The detective had investigated 100 homicides in his career, but this was a first.
Two years ago, Jahmal Green, a 17-year-old murder suspect who had eluded capture for a month, rode handcuffed in the detective's car. He was accused of shooting 43-year-old Eric Brantley in the head as the North Charleston bartender lay on the ground. Authorities called it an execution.
Facing a charge that could imprison him for 30 years to life, Green seemed unconcerned.
"He appeared almost proud," Detective Charlie Benton said in court last week. "He was just rapping about shooting someone in the head and being most wanted.
"He was rapping the whole time."
While the investigators would later declare the "shocking" display a confession, the trail that led them to Green and his conviction was less obvious. If not for investigative diligence, high-tech cameras and a "very lucky" break, authorities said they might have never solved the killing that reverberated through Charleston's food and beverage community.
Testimony from 26 witnesses, evidence shown at Green’s trial last week and court records offer insight into the crime and the behavior of a teenager behind it.
'About to rob him'
Late on April 19, 2016, Green joined another 17-year-old, De'Andre Murphy, and 16-year-old Cory Gethers at Vegas Ultra Lounge on Ashley Phosphate Road. Too young to get into the club, they hung out in the parking lot.
They ran into some friends: Victoria Deas and London Maybank, both 20.
As the day became April 20, they planned to participate in "National Weed Day," as Maybank called it — a celebration of marijuana smoking.
"Who got gas 4/20," Deas posted on Facebook, asking if anyone had the drug.
The five climbed into Deas' white Dodge Durango and set out. They listened to music. They smoked what marijuana they had.
At some point, Green grew upset at the route Deas had taken.
"Nobody gonna talk to me like that," Deas said, deciding to take the boys home.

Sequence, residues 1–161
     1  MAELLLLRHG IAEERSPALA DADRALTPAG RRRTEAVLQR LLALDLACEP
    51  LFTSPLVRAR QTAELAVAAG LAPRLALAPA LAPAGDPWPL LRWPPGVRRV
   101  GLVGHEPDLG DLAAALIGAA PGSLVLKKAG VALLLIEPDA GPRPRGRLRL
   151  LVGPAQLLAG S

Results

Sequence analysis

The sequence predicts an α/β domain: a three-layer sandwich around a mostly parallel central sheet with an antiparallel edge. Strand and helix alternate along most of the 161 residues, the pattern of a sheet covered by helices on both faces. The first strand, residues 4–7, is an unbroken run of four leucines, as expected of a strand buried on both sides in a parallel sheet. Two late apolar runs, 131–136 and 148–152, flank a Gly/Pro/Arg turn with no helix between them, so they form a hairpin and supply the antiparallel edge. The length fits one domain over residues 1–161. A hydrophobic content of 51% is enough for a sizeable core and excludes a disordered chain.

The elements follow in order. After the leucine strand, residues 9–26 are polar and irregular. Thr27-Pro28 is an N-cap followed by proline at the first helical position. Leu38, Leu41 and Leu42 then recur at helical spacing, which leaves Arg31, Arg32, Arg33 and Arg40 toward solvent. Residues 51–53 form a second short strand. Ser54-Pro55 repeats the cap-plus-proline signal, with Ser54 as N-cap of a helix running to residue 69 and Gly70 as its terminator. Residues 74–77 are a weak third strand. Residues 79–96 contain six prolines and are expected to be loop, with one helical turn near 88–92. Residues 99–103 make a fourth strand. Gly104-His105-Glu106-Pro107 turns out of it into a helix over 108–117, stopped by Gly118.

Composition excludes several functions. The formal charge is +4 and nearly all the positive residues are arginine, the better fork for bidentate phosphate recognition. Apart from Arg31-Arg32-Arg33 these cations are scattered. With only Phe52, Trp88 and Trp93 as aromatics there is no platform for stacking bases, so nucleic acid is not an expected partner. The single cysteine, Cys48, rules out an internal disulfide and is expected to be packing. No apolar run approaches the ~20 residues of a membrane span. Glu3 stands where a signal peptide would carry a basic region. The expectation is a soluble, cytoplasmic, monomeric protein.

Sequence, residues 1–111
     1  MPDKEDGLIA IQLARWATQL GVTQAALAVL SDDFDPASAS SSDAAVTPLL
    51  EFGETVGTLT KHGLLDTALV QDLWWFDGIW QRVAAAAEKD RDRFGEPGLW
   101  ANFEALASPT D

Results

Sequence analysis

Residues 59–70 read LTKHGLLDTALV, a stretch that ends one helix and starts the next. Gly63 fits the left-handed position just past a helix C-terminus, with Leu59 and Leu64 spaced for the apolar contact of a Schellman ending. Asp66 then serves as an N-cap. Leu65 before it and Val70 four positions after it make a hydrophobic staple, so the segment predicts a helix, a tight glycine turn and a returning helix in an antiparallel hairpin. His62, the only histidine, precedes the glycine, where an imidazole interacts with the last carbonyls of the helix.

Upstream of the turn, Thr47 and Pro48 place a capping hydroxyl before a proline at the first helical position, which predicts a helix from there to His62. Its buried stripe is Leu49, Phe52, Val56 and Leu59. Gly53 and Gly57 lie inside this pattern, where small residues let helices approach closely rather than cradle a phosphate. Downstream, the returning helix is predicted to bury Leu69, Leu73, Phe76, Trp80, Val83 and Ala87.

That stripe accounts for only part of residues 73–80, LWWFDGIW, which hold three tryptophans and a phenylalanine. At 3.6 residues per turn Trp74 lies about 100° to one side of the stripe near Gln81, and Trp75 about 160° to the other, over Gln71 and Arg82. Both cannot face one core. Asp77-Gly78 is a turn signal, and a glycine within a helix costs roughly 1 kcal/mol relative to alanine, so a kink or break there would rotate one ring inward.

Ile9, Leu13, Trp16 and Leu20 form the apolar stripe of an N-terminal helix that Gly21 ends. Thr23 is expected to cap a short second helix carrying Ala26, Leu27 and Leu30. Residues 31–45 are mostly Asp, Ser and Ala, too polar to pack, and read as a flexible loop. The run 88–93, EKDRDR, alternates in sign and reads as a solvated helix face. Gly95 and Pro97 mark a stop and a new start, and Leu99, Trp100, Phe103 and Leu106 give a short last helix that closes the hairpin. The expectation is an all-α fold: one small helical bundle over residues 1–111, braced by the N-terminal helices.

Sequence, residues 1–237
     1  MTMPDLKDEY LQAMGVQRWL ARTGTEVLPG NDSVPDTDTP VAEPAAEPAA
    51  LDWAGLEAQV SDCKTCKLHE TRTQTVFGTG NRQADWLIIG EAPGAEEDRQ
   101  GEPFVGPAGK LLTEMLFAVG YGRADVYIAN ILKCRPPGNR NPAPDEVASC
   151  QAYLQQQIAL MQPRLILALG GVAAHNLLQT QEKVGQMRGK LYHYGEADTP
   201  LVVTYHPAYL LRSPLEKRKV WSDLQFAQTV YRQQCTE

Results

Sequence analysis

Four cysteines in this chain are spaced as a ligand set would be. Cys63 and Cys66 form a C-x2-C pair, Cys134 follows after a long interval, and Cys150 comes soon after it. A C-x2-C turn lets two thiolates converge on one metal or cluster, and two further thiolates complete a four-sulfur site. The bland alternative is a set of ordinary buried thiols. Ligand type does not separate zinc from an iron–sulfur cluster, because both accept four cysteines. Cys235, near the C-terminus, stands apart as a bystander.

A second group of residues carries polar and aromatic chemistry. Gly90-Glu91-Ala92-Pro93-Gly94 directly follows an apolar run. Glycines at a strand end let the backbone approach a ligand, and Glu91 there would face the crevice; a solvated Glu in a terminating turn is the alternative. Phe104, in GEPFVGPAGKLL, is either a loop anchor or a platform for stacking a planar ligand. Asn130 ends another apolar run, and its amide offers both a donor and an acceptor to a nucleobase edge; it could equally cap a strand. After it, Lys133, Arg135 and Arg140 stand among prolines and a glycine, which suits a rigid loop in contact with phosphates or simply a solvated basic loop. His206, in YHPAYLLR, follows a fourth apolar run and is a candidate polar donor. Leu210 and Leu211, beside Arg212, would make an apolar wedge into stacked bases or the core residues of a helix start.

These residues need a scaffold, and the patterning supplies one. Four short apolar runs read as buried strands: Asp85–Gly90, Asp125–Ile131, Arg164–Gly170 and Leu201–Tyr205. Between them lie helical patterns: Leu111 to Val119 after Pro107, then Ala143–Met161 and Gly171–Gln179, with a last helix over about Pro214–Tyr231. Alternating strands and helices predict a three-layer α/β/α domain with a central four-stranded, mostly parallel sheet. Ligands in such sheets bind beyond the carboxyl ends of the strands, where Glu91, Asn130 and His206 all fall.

But on the way, they saw a man walking through the Park Circle neighborhood's restaurant and bar district where a craft bakery, an Irish pub and a theater company sit steps from impoverished areas beset with violent crime.
"Slow down," Green said.
None of them knew the man. It was 3:30 a.m.
"I'm about to rob him," Green said, according to Deas.
Authorities said Gethers handed a gun to one of the 17-year-olds — an allegation he denied — but he refused to go with them.
Deas backed her Durango into a parking spot. Green and Murphy got out, the police said.
The others stayed, Deas said, minding their own business.
Figures in the dark
Brantley and fellow bartender David Godley were wrapping up a busy shift at The Sparrow on East Montague. The bar had hosted a band competition, and they had each made $300.
A surveillance camera showed Brantley and Godley talking. They smoked cigarettes.
Brantley was as animated as ever, his arms waving as he spoke. Many people knew him through his various pursuits of fixing motorcycles, playing music or serving drinks. He had a charming brashness.
"He was curt and to the point and did it in a way that made people really like him," Godley would say later.
Brantley donned his blue motorcycle helmet and his glasses. He slung a messenger bag over a shoulder. Godley handed him his cell phone. They shut off the lights and walked out.
As Godley drove away, Brantley took a short walk to his motorcycle. He jabbed the key into the Honda's ignition and decided to smoke another cigarette.
Two figures emerged from the shadows.
'He was executed'
Brantley sat on his motorcycle as the teens confronted him. Investigators and prosecutors later pieced together a narrative of the encounter through forensic evidence.
Both teens had guns, Assistant Solicitor Ted Corvey said later.